Dublin Bikes to open 15 new stations with 100 additional bikes

Stations will mainly serve new Grangegorman campus

Photograph: David Sleator

Photograph: David Sleator

 

Fifteen new Dublin Bikes rental locations will open in the coming months, almost two years after the expansion of the popular scheme was due to be completed.

The new bike stations will mainly serve the new DIT campus at Grangegorman, with just two stations to open on the southside of the city at Merrion Square South and Wilton Terrace, adding a total of 100 extra bikes to the system.

Four of the stations, those nearest the college campus, opened on Tuesday, with the remainder to open by early June. However all 15 had originally been due to open by September/October 2016.

The National Transport Authority (NTA) in February 2016 wrote to then minister for transport Paschal Donohoe outlining plans for the 15 new bike stations which would allow the rental scheme to be extended to Grangegorman – representing the first major expansion of the scheme into suburban Dublin.

However, the following August less than two months before the stations were due to open, Dublin City Council said it couldn’t afford to operate the additional bike stands as the service was already running at a loss.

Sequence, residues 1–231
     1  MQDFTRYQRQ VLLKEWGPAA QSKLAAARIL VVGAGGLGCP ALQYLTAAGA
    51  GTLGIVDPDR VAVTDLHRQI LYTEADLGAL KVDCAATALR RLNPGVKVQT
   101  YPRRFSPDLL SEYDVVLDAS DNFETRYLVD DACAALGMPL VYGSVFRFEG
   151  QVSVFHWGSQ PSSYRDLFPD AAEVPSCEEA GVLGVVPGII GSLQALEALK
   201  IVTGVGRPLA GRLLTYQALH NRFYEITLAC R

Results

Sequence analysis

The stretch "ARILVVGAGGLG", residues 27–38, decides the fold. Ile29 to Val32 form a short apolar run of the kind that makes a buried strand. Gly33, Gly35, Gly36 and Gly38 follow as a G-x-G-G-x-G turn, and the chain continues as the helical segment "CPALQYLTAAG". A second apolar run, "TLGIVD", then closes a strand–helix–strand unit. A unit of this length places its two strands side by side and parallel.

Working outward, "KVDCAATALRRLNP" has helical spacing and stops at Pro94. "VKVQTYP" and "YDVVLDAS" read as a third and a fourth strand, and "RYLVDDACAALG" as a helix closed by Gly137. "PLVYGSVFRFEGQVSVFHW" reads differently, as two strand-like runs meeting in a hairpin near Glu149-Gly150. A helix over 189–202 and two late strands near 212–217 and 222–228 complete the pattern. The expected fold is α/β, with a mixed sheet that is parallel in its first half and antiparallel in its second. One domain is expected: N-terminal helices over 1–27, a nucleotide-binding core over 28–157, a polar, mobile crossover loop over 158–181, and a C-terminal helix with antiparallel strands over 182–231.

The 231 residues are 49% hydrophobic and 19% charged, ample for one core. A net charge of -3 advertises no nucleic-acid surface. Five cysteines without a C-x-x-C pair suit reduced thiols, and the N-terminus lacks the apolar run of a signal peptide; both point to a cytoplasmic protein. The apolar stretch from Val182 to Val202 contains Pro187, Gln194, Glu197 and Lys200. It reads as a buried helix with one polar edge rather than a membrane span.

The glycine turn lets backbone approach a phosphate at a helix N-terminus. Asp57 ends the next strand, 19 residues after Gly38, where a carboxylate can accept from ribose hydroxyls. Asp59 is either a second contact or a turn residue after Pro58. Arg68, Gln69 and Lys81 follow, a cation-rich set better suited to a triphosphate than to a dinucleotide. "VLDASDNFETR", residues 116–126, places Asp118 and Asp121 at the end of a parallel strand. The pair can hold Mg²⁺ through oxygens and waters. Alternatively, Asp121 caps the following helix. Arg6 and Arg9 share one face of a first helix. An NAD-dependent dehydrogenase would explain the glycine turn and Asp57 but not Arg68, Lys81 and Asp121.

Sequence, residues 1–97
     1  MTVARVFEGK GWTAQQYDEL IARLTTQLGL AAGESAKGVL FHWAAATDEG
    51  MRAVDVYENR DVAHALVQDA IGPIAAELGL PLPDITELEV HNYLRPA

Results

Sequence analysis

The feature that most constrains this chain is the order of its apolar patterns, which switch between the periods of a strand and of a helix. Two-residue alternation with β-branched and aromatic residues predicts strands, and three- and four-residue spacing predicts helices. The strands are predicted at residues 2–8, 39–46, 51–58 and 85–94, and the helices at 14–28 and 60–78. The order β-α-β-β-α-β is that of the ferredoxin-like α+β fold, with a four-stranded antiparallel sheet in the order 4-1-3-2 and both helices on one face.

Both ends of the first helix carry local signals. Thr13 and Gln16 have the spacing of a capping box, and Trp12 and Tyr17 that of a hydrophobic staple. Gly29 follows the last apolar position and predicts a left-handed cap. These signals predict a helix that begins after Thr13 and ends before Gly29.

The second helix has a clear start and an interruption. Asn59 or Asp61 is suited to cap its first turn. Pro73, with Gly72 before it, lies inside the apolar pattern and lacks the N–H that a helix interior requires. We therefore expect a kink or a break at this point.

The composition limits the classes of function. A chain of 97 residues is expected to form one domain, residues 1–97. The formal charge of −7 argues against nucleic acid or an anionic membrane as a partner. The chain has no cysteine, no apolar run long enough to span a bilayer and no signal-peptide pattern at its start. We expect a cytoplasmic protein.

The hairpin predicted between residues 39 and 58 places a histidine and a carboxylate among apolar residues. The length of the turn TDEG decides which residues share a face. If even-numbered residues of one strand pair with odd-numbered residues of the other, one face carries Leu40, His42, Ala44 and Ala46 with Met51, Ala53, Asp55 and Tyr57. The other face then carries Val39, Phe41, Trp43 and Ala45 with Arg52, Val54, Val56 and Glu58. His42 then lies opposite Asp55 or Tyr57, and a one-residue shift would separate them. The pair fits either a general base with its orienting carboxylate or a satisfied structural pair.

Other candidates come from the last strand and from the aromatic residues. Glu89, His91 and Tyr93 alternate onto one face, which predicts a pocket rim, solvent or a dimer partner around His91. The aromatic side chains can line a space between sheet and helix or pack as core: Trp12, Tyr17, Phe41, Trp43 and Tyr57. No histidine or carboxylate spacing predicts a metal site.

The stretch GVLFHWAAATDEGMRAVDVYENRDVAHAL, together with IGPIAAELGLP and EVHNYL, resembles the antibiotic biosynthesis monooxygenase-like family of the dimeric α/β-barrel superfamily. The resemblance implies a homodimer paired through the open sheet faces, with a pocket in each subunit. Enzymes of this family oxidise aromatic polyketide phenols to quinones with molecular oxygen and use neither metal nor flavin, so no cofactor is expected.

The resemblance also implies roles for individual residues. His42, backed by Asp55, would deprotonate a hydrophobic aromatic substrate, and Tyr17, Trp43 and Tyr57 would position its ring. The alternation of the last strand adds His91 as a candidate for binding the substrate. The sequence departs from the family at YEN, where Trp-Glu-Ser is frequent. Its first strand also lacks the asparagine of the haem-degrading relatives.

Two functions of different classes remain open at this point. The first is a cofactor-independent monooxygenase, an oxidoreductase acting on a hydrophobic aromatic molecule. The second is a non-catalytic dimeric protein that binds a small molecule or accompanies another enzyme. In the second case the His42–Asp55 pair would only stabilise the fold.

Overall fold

The scheme at that time cost €1.9 million a year to run while subscriptions and usage charges collected came to €1.2 million. Coca-Cola paid €312,000 in sponsorship, with the council covering the shortfall.

Last July the council announced it was switching sponsors to takeaway ordering and delivery company Just Eat. The new contract will see Just Eat invest €2.25 million in the scheme up to mid-2020, an increase of 15 per cent on the Coca-Cola deal, the council’s assistant chief executive Richard Shakespeare said. This extra funding, on top of a €1.2 million grant from the NTA, allowed the expansion to go ahead, he said.

‘Stationless’ bikes

In November 2016 the council announced it would draw up plans to bring the bike scheme to “urban villages” such as Ballymun, Finglas,Terenure and Ballyfermot. However Mr Shakespeare said, this proposal had been superseded by plans for “stationless” bikes.

The council plans to next month award licences to two companies to offer bike hire via a smartphone app which will locate an available bicycle. A GPS-enabled lock allows a bike to be left at any location around the city without the need to return it to a docking station.

This will be a complementary service to the Dublin Bikes scheme which has been operating in the city since 2009 as a partnership between outdoor advertising company JC Decaux and the council.

The company funded the scheme in exchange for advertising space on the city streets, with additional revenue coming through subscriptions and hire charges. However, despite the popularity of the scheme, it ran at a loss and in 2014 a three-year commercial sponsorship deal was struck which saw each bike branded with Coca-Cola Zero livery.